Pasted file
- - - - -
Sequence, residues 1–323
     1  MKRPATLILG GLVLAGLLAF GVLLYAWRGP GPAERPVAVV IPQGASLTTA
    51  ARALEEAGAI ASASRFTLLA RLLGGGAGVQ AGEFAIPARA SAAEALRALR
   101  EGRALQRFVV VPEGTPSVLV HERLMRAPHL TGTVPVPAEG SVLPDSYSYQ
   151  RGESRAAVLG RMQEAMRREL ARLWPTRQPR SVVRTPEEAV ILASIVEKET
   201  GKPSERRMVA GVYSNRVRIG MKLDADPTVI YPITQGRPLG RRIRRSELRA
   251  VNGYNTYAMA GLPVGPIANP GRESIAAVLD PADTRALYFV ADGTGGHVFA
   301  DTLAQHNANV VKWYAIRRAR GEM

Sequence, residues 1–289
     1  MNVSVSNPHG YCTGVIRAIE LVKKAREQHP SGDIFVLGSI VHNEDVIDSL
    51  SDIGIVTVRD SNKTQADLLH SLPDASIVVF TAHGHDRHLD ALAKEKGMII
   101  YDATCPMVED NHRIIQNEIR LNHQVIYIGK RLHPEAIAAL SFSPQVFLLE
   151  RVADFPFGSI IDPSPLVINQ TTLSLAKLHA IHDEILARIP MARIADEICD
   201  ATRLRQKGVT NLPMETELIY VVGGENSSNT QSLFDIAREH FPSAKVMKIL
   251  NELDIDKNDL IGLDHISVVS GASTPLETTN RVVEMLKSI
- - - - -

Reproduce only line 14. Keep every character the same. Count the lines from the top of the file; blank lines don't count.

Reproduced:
   201  ATRLRQKGVT NLPMETELIY VVGGENSSNT QSLFDIAREH FPSAKVMKIL